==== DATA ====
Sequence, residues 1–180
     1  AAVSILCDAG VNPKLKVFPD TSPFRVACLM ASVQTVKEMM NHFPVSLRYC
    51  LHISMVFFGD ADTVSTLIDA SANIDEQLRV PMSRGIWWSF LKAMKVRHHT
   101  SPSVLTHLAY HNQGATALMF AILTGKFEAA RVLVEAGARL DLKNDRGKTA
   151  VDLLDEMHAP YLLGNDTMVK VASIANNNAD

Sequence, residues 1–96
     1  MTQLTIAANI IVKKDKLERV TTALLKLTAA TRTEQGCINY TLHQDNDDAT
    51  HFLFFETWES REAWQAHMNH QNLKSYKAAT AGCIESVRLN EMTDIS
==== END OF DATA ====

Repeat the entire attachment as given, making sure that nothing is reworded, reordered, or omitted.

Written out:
Sequence, residues 1–180
     1  AAVSILCDAG VNPKLKVFPD TSPFRVACLM ASVQTVKEMM NHFPVSLRYC
    51  LHISMVFFGD ADTVSTLIDA SANIDEQLRV PMSRGIWWSF LKAMKVRHHT
   101  SPSVLTHLAY HNQGATALMF AILTGKFEAA RVLVEAGARL DLKNDRGKTA
   151  VDLLDEMHAP YLLGNDTMVK VASIANNNAD

Sequence, residues 1–96
     1  MTQLTIAANI IVKKDKLERV TTALLKLTAA TRTEQGCINY TLHQDNDDAT
    51  HFLFFETWES REAWQAHMNH QNLKSYKAAT AGCIESVRLN EMTDIS